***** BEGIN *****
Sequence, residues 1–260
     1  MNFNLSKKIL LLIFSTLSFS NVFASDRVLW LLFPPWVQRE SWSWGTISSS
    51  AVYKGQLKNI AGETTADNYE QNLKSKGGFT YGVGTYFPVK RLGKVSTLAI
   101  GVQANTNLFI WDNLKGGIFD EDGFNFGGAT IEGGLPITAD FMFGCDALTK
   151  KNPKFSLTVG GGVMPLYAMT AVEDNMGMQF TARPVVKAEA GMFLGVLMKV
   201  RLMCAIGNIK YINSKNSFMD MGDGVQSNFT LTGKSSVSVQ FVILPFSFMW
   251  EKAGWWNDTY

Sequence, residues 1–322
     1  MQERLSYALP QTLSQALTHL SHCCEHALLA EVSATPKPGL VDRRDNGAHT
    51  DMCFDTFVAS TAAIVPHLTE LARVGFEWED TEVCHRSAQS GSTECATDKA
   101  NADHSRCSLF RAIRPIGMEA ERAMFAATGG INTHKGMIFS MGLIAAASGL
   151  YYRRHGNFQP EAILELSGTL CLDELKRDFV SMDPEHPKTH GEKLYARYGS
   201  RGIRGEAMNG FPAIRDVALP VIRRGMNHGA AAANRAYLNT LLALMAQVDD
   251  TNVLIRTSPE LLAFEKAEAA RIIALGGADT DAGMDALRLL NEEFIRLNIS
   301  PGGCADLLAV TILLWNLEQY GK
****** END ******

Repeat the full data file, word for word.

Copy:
Sequence, residues 1–260
     1  MNFNLSKKIL LLIFSTLSFS NVFASDRVLW LLFPPWVQRE SWSWGTISSS
    51  AVYKGQLKNI AGETTADNYE QNLKSKGGFT YGVGTYFPVK RLGKVSTLAI
   101  GVQANTNLFI WDNLKGGIFD EDGFNFGGAT IEGGLPITAD FMFGCDALTK
   151  KNPKFSLTVG GGVMPLYAMT AVEDNMGMQF TARPVVKAEA GMFLGVLMKV
   201  RLMCAIGNIK YINSKNSFMD MGDGVQSNFT LTGKSSVSVQ FVILPFSFMW
   251  EKAGWWNDTY

Sequence, residues 1–322
     1  MQERLSYALP QTLSQALTHL SHCCEHALLA EVSATPKPGL VDRRDNGAHT
    51  DMCFDTFVAS TAAIVPHLTE LARVGFEWED TEVCHRSAQS GSTECATDKA
   101  NADHSRCSLF RAIRPIGMEA ERAMFAATGG INTHKGMIFS MGLIAAASGL
   151  YYRRHGNFQP EAILELSGTL CLDELKRDFV SMDPEHPKTH GEKLYARYGS
   201  RGIRGEAMNG FPAIRDVALP VIRRGMNHGA AAANRAYLNT LLALMAQVDD
   251  TNVLIRTSPE LLAFEKAEAA RIIALGGADT DAGMDALRLL NEEFIRLNIS
   301  PGGCADLLAV TILLWNLEQY GK